a.      To appear before the Suitor’s, with the idea of opening their hearts, and enhancing her value in the eyes of her husband and son.


8.     Who is Eurnome?

a.      Housekeeper of Penelope


9.     Athene makes Penelope fall asleep while she gives her a makeover. What exactly does Athene do to Penelope while she is sleeping?

a.      Made her taller and fuller in appearance.

b.      Cleaned her cheeks with an ointment used by Aphrodite.


10.  How do the Suitors react when Penelope appears in the megaron (great hall).

a.      Went weak at the knees. Hearts melted with desires. Every man voiced a prayer that the might sleep with her.


11.  What criticism does Penelope make of Telemachus?

a.      Scorns him for bringing the beggar into their home.


12.  What compliment does Eurymachus give Penelope?

a.      If all the Greeks could set eyes upon her, she’d have even more Suitors.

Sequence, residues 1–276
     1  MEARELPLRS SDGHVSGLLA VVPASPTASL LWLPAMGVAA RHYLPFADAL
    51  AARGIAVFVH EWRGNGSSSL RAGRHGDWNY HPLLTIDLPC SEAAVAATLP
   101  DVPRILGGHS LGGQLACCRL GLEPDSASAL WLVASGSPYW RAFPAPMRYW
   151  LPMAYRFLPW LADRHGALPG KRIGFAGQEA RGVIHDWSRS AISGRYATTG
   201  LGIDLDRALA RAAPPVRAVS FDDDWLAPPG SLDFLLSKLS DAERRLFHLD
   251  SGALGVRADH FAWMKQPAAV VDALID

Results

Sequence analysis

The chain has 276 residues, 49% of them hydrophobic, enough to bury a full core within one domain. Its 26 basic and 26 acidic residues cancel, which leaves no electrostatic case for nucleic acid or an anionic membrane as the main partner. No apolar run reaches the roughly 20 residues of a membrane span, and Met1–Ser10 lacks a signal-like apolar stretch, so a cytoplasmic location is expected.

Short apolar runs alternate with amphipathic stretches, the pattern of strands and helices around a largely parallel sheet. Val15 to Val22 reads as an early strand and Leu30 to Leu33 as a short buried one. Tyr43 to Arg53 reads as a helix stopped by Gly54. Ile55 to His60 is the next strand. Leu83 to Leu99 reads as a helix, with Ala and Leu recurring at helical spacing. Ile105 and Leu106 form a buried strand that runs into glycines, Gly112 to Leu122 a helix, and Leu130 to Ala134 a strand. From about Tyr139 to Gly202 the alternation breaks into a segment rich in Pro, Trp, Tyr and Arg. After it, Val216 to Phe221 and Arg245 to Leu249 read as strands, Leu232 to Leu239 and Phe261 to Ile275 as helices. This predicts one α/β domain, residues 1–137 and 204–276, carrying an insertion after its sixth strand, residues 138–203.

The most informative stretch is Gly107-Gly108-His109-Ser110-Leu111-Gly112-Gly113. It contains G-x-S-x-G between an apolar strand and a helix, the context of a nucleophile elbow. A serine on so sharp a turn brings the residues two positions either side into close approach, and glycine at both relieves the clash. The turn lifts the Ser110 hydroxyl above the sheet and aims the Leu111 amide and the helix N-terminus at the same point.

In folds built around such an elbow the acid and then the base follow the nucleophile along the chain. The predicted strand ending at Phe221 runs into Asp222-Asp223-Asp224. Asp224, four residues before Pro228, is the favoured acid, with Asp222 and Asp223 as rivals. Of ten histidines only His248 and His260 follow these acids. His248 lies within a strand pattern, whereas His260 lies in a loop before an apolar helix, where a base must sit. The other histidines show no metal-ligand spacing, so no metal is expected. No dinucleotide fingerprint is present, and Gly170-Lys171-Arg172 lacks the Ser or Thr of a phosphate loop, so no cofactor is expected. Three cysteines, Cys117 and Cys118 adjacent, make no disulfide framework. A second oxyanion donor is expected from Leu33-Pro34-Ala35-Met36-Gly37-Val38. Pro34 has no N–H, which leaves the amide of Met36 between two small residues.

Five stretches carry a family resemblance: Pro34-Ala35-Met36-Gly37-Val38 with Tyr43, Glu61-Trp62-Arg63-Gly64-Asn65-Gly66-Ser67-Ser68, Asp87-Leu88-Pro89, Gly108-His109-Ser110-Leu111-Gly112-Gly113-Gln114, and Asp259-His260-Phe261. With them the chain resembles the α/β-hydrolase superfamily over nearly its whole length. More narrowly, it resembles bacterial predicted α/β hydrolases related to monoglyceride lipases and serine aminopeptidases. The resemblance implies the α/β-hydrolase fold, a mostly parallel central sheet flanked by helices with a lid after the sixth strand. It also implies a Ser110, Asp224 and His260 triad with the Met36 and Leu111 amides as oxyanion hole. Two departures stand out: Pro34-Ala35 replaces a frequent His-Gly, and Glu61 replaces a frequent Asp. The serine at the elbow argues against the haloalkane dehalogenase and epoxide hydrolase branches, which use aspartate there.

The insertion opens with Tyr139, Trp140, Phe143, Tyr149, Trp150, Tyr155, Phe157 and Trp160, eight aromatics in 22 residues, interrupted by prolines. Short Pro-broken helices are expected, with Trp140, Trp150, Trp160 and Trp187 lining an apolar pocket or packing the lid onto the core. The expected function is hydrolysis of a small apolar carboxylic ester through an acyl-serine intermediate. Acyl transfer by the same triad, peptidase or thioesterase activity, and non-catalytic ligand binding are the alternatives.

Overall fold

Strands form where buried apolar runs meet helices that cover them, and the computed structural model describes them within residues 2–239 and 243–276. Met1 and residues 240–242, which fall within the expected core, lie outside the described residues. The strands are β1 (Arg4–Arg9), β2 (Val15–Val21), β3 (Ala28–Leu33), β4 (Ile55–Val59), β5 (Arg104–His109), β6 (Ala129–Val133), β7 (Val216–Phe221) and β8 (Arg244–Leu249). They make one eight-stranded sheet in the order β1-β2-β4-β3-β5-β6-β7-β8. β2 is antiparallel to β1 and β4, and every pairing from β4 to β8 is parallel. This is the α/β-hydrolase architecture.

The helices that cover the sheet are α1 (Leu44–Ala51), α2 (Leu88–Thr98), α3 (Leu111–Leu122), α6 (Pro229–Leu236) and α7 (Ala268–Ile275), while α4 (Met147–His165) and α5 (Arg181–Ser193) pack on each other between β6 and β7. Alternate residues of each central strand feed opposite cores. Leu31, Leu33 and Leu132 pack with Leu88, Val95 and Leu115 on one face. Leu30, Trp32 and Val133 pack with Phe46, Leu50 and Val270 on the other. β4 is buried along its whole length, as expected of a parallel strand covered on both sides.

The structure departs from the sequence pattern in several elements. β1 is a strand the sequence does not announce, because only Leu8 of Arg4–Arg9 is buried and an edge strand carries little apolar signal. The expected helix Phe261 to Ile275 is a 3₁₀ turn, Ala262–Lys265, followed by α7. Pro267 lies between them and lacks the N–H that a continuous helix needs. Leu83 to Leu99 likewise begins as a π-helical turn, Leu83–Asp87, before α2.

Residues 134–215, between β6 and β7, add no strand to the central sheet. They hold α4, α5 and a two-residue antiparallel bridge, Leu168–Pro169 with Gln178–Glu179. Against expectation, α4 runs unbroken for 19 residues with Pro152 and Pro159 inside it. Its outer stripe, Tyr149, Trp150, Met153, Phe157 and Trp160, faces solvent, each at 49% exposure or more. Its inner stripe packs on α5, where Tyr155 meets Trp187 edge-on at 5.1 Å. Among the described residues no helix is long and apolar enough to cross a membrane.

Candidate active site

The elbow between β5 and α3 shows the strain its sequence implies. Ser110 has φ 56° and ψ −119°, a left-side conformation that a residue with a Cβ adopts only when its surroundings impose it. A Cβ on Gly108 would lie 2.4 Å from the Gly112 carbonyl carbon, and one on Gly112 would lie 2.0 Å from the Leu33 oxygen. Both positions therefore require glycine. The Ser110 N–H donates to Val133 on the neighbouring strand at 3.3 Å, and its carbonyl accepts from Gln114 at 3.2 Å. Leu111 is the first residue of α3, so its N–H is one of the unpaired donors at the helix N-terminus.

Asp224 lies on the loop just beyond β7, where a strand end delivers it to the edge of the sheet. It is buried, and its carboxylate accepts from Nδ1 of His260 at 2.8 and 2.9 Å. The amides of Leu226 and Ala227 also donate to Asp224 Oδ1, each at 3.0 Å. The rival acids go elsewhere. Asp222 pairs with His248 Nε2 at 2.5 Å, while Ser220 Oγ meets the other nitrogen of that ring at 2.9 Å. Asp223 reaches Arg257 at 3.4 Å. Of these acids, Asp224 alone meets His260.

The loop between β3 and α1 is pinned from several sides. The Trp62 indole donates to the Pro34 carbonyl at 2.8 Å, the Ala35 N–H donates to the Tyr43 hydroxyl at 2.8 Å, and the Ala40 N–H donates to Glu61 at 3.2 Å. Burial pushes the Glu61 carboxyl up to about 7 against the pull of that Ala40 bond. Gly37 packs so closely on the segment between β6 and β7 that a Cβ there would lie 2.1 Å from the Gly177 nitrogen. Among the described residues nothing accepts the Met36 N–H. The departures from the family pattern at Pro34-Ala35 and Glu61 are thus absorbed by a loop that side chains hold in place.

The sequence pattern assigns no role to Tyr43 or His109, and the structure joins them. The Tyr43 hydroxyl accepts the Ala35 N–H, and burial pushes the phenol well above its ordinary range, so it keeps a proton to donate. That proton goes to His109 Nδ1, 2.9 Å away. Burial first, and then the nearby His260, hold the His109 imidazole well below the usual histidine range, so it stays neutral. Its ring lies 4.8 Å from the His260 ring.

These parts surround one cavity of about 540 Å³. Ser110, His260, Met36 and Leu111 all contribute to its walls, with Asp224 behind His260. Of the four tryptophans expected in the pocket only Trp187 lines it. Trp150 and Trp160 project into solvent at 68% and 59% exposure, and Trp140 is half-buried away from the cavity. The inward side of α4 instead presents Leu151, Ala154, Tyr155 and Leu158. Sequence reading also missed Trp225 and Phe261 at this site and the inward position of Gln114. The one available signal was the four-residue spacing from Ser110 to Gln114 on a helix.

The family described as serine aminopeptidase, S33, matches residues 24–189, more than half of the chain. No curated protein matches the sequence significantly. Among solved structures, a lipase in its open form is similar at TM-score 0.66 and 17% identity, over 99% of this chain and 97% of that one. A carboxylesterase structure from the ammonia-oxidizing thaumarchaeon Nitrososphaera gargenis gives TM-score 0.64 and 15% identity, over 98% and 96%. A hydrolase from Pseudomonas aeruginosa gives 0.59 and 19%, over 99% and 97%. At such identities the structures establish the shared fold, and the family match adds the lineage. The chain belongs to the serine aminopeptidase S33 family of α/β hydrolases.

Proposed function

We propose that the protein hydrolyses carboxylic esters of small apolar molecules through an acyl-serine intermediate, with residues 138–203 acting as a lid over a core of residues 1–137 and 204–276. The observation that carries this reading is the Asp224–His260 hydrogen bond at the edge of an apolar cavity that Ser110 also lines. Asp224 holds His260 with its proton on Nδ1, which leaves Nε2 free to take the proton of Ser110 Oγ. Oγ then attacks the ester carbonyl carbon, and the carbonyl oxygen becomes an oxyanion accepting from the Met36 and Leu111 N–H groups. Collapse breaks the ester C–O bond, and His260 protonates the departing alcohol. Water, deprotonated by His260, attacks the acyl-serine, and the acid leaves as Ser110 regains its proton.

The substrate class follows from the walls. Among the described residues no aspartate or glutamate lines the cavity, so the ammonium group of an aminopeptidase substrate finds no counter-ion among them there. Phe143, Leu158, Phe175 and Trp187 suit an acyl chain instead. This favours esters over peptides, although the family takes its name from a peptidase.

13.  Penelope tells Eurymachus and the other Suitors what Odysseus said to her when he left for Troy, twenty years ago. What did he say about the point when she should remarry?

a.      “And when you see a beard on our boy’s chin, marry whom you want to and leave your home”.


14.  What criticism does Penelope make of the Suitor’s method of courtship?

a.      She complains that not one of them has courted her properly as they haven’t presented her with any gifts.


15.  Why is Odysseus pleased to hear Penelope say this to the Suitors?

a.      He is full of admiration for the way in which is wife is manipulating the Suitors.


16.  Describe two of the gifts which the Suitors bring to Penelope.

a.      Long embroidered robe, on which were 12 golden brooches.

b.      Pair of earrings with clusters of three drops.


17.  What information are we given about Melantho’s background and behaviour in lines 320-327?

a.      She is the closest thing Penelope has to a daughter.

b.      Yet Melantho has no sympathy for Penelope’s woes.


18.  When the “old beggar” expresses a wish that Odysseus might return, what does Eurymachus do, and what happens as a result?

a.      Throws a footstool at the “old beggar” which misses and hits the steward pouring wine.


19.  What does Telemachus do at Book 18 that is out of character for him (so far)?

a.      Telemachus is more aggressive when talking to the Suitors.